The anatmavada doctrine was one of the most important ideas of the primitive Buddhism which distinctly distinguished it from orthodox Brahmanism as well as from Jainism, or another religious and philosophical doctrines of the Indian origin.
In its classical form preserved in the Pali Theravada tradition it proclaims the absence of substantial eternal «self», or atman as empirical phenomenon replacing it by five skanhas, or groups of elements (dharma) which may be understood as elementary and ever-changing psycho-physical states as well as units of description of these states. Nevertheless, early Buddhist texts said nothing about atman in its Upanishadic sense, i.e. about Universal Self beyond empirical states of consciousness. The Madhyamika branch of the Mahayana Buddhist thought developed this notion of the anatmavada doctrine in the direction of the dharma nairatmya teaching (the theory of essenceless nature of dharmas, or their devoidness of intrinsic self-being, svabhava).
Another school of the Mahayana Buddhism, Yogacara (Vijnanavada) was very interested in the problem of the sources of the empirical forms of consciousness (the sarvastivadins and sautrantikas were engaged only in the analysis of the psychical experience as such though the roots of the Yogacara approach may be found in the ideas of early mahisasakas). They developed the doctrine of the seventh (manas) and the eighth (alaya-vijnana) kinds of consciousness. Certainly, alaya-vijnana of Asanga and Vasubandhu is not atman at all but the attention to the problem of substratum of consciousness was a key to the development of some kind of the Buddhist ontology / metaphysics restoring the idea of atman in the purely Buddhist context.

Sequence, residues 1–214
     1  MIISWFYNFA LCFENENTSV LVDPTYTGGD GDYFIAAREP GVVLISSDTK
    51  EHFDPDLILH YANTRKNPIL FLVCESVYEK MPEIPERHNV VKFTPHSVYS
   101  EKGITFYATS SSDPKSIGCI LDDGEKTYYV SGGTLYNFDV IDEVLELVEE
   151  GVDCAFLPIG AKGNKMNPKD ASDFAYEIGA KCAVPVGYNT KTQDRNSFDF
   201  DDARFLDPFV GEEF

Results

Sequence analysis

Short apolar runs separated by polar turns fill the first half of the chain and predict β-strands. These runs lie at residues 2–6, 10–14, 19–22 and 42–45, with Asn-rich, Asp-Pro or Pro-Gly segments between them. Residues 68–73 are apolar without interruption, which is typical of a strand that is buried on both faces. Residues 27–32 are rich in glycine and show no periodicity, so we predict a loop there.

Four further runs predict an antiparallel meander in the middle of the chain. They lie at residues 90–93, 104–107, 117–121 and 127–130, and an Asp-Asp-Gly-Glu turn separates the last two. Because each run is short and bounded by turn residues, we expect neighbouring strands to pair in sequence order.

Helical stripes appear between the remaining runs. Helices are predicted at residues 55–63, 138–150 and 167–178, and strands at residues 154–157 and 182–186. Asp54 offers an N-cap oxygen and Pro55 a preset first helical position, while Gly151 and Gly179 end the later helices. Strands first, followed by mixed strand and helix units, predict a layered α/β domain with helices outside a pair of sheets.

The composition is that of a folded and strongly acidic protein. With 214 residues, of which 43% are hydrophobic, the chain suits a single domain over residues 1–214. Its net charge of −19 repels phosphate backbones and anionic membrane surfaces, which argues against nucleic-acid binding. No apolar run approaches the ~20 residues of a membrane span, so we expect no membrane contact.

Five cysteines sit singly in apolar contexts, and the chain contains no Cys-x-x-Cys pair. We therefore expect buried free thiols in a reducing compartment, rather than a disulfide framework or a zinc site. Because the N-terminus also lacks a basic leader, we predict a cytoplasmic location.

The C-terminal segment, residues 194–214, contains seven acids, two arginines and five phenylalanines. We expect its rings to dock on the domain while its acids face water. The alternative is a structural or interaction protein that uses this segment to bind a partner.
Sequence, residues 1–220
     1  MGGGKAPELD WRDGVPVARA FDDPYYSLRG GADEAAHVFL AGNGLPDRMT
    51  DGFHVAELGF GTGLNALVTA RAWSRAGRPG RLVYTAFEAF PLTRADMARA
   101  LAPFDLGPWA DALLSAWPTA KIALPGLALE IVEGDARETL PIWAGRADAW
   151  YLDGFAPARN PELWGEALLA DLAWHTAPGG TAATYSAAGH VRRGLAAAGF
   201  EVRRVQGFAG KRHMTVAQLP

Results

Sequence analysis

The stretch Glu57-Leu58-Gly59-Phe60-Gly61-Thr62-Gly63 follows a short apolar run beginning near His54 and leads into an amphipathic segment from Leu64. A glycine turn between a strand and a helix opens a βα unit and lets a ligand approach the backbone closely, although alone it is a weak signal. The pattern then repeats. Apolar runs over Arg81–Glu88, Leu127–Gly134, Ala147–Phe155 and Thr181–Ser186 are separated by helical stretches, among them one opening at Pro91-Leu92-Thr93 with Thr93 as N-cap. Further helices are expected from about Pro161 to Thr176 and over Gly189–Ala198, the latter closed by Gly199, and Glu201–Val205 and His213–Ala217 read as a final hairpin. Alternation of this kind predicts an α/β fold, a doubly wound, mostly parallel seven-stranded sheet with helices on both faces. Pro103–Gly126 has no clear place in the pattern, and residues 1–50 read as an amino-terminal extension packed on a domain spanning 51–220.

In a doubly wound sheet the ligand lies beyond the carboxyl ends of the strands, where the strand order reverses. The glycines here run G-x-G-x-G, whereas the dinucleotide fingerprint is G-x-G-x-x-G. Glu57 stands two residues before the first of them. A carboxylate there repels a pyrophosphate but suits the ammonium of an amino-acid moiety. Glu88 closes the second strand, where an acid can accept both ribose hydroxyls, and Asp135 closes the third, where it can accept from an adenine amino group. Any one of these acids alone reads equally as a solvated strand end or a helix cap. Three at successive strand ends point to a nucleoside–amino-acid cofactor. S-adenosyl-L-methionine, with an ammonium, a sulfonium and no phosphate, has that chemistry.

The Yogacara school did not represent the homogenous and coherent unity. It seems to be possible to divide this school into three relative but different branches:
The theory of the Tathagatagarbha was the logical and natural result of the evolution of the Buddhist Mahayana thought. It proclaimed the positive character of the Buddhist Absolute (dharmakaya, ekacitta) as non-empty (asunya) by itself. It has four good qualities» which can not be separated from it (compare with the abhidharmist dharma-theory, where the holder-dharma is the same as the quality held by it, unlike the substance of the Brahmanists, which is absolutely different from its qualities): nitya (eternity), sukha (bliss), atman (self; essence) and subha (purity). The Yogacara--Tathagatagarbha synthesis marked the climax of the development of metaphysical trend of the Buddhist thought (Lankavatara sutra, Mahayanasutralamkara and probably Chinese compendium of this synthesis known as Mahayana sraddhotpada sastra). Certainly, it is absolutism but specifically Buddhist one, the absolutism preserving the main Buddhist approaches and features. Does it contradict to the classical anatmavada doctrine? I suppose, definitely no. The classical anatmavada proclaimed the skandhas instead of atman as empirical reality. The Tathagatagarbha doctrine proclaimed the Atman behind skandhas as super empirical absolute reality attainable only in the state of enlightenment / awakening (making in the same time the nature of every kind of consciousness as semsnyid in rdzogs-chen, or fo xin in Chan).
The historical fate of the Tathagatagarbhist absolutism was different in India and another regions of the Mahayana Buddhism. The most remarkable event in the history of this doctrine is its exclusive prevalence in the Chinese and Far Eastern Buddhist schools where the Tathagatagarbha doctrine became the core of such schools as Tiantai , Huayan and Chan.